SFC Fines IBHK concerning Electronic and Algorithmic Trading Systems
Hong Kong’s Securities and Futures Commission (SFC) has publicly reprimanded and fined Interactive Brokers Hong Kong Limited (IBHK) HK$4.5 million for breaches of the Code of Conduct for Persons Licensed by or Registered with the SFC (Code of Conduct) which lead to two incidents of market disruption which saw the share prices of two Hong Kong- listed companies doubled within minutes. The SFC’s statement of disciplinary action details deficiencies in IBHK’s execution of market orders using electronic and algorithmic trading systems.
Summary of facts
On 23 October, 2015, the share price of O-Net Communications (Group) Limited (stock code: 877) rose 48.7% from $1.97 to $2.93 for 101 seconds when IBHK was executing a market order for a client to buy 500,000 shares. A second incident occurred on 12 July 2016 when the share price of AAG Energy Holdings Limited (stock code: 2686) rose 126% in 84 seconds when IBHK executed a market order for a client to buy 200,000 shares.
Market orders, according to the SFC, should be executed immediately at the best available price. The Stock Exchange of Hong Kong does not accept such orders during the continuous trading session. Instead, licensed corporations may use the enhanced limit order or the special limit order to simulate a market order.
An enhanced limit order is similar to limit order except that it will allow matching of up to ten price queues at a time. The bid order price of an enhanced limit order can be inputted at nine spreads higher than the current ask price. Unfilled quantity of an enhanced limit order will not be cancelled but stored as a limit order at the input order price. A special limit order has no restriction on the order price and will match up to ten price queues as long as the traded price is not worse than the order price. The unfilled amount of a special limit order will not be stored and will be cancelled.
The SFC stated that executing market orders through an algorithmic trading system that does not have reasonably designed controls may cause fluctuations in share prices and result in undue market impact. The SFC gives the following examples of how undue market impact can be controlled:
(a) limiting the number of attempts in resubmitting the unexecuted quantities of a market order for matching in the market; or
(b) restricting the execution of market orders to a maximum number of spreads from the prevailing nominal price.
Any unfilled quantity of the market order will be cancelled after the predetermined number of attempts or the maximum number of spreads is reached.
Summary of regulatory requirements
A joint independent review of IBHK’s electronic and algorithmic trading systems found that IBHK had executed market orders by placing the entire order volume to the market and repeatedly submitting the unexecuted part of the order at the next available price until the entire order was complete in both instances. The review also found that IBHK did not take into account the liquidity of the market when executing the market orders. Furthermore, IBHK failed to put in place effective price and volume controls to prevent its execution of market orders from disrupting the market. In light of the independent review, the SFC found that IBHK failed to comply with paragraph 3.3.1 of Schedule 7 to the Code of Conduct which states that a licensed or registered person should have controls that are reasonably designed to:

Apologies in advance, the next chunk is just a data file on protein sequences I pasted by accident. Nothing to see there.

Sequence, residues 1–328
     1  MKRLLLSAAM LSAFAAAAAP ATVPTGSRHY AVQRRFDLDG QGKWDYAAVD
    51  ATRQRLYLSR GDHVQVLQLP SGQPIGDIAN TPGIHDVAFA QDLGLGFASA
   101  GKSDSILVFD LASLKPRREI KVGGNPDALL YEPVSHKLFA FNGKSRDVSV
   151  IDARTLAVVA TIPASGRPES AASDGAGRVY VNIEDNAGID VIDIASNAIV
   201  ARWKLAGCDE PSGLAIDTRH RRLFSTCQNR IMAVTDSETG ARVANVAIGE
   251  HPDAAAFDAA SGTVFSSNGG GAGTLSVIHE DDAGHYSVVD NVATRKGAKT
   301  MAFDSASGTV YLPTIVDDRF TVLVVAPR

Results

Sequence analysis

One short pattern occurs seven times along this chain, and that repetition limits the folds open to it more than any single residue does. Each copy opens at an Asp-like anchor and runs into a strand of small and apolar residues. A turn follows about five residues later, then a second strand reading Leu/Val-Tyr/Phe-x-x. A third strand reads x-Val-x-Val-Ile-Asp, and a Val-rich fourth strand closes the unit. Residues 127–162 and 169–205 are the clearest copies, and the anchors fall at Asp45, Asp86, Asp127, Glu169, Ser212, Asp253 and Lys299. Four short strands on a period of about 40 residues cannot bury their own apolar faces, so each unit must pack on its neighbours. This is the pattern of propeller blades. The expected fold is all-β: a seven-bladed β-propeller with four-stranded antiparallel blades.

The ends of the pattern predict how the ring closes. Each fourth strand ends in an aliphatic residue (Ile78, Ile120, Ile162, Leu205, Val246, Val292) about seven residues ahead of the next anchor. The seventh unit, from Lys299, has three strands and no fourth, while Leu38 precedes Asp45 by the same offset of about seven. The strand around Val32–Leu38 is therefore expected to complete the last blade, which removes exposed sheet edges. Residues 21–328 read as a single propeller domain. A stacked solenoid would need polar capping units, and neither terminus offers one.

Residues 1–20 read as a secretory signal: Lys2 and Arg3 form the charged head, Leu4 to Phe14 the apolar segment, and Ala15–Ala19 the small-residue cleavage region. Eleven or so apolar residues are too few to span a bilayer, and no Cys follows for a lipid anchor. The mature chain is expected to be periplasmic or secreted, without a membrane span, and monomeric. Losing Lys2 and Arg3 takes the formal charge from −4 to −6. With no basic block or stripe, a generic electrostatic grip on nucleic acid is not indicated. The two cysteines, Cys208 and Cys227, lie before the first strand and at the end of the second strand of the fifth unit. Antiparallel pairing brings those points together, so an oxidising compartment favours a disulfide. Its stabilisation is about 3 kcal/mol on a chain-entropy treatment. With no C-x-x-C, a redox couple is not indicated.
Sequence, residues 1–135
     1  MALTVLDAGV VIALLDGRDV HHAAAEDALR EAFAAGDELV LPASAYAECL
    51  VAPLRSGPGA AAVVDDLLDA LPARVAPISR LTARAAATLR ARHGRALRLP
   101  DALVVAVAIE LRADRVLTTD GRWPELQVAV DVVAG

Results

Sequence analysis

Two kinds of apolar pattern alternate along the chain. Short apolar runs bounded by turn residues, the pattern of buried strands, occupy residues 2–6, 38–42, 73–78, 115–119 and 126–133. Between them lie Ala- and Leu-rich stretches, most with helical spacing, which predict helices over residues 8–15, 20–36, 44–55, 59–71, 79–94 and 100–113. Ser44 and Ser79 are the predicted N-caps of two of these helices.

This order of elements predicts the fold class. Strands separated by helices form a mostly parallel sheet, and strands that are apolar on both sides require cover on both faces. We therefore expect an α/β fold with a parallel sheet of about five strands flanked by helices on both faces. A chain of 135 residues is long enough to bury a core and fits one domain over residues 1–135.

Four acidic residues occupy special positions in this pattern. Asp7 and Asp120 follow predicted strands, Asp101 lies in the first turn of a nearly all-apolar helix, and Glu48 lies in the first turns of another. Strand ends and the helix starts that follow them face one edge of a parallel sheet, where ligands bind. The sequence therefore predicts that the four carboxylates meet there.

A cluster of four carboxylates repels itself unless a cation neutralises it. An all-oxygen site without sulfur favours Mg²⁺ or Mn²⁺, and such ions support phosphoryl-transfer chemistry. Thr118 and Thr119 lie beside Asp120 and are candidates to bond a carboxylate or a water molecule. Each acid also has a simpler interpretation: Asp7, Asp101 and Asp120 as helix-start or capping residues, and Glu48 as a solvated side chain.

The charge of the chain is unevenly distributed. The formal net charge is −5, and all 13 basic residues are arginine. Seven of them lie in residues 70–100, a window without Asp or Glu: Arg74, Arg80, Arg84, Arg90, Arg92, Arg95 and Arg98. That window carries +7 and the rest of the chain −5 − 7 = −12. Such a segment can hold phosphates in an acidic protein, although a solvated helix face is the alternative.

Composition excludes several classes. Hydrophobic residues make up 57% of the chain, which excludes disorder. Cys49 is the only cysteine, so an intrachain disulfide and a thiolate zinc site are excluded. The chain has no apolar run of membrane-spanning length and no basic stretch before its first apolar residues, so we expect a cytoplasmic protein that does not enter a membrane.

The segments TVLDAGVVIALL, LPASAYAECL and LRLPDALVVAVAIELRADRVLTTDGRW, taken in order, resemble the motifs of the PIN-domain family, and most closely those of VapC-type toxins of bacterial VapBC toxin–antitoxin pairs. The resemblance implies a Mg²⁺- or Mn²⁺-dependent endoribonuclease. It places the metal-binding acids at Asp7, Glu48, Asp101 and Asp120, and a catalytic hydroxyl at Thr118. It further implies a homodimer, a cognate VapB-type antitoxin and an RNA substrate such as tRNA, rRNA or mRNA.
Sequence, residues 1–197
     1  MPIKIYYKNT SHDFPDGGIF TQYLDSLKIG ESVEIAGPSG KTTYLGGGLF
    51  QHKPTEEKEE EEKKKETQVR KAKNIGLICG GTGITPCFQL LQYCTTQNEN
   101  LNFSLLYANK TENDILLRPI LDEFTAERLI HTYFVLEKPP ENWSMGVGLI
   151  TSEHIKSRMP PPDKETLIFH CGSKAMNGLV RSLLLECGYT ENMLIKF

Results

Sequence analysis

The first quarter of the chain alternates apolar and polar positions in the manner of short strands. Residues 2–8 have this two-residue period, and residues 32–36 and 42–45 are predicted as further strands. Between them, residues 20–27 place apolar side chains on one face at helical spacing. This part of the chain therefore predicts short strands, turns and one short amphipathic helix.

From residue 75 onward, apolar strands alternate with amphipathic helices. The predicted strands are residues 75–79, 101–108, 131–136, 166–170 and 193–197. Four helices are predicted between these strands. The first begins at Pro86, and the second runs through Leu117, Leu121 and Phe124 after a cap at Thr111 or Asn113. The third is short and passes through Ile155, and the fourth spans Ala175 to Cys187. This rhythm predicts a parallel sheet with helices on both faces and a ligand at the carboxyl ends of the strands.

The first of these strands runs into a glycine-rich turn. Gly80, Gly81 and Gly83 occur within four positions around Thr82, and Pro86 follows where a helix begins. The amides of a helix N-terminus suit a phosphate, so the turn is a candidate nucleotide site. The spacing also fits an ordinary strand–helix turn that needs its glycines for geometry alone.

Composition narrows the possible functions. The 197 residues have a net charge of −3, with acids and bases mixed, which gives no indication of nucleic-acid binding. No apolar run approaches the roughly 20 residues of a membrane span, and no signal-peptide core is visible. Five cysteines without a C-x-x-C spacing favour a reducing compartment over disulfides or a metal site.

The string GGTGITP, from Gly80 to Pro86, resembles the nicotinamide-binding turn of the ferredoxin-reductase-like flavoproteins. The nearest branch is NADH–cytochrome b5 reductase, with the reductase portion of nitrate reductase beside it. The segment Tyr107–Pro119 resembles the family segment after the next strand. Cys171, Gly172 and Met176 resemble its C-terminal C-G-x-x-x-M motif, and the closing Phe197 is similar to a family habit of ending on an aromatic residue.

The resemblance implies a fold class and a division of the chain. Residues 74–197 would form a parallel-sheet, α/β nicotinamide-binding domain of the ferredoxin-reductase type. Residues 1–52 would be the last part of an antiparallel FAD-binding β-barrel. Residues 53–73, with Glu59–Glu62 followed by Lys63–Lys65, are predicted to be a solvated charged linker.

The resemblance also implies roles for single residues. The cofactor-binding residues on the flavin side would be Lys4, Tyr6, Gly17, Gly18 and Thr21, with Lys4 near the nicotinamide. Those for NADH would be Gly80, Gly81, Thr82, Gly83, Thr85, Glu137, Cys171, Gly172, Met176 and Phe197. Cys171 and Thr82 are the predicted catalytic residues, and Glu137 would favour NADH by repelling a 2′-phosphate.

- monitor and prevent the generation of or passing to the market for execution order instructions from its algorithmic trading system which may be erroneous; or interfere with the operation of a fair and orderly market; and
- protect the licensed or registered person and its clients from being exposed to excessive financial risk.
Factors considered in determining the appropriate disciplinary action
In considering the appropriate disciplinary action, the SFC took into account that IBHK breached paragraph 3.2 of Schedule 7 to the Code of Conduct when it failed to ensure that the algorithmic trading system it uses or provides to its clients for use are adequately tested to ensure that they operate as designed. IBHK also failed to keep, or cause to be kept, proper records on the design, development, deployment and operation of its electronic trading system in breach of paragraphs 1.3 and 3.4 of Schedule 7 to the Code of Conduct.
On the other hand, the SFC took into account that IBHK had involved their senior management in their liaison with the SFC about the regulatory concerns; took the initiative to bring this matter to a conclusion by entering fully into discussions about the regulatory concerns with the SFC; undertook a review with the SFC to address the regulatory concerns and identify the deficiencies in its internal controls; and co-operated with the disciplinary action by resolving the SFC’s regulatory concerns. In balancing these issues, the SFC decided to publicly reprimand and fine IBHK $4.5 million pursuant to section 194 of the Securities and Futures Ordinance. The SFC stated that it had considered that IBHK’s board of directors had undertaken reasonable steps in ensuring IBHK’s compliance with regulatory requirements for electronic and algorithmic trading, and the failures set out above will be rectified within 12 months. The SFC warned that IBHK would otherwise have been subjected to a substantially higher level of fine.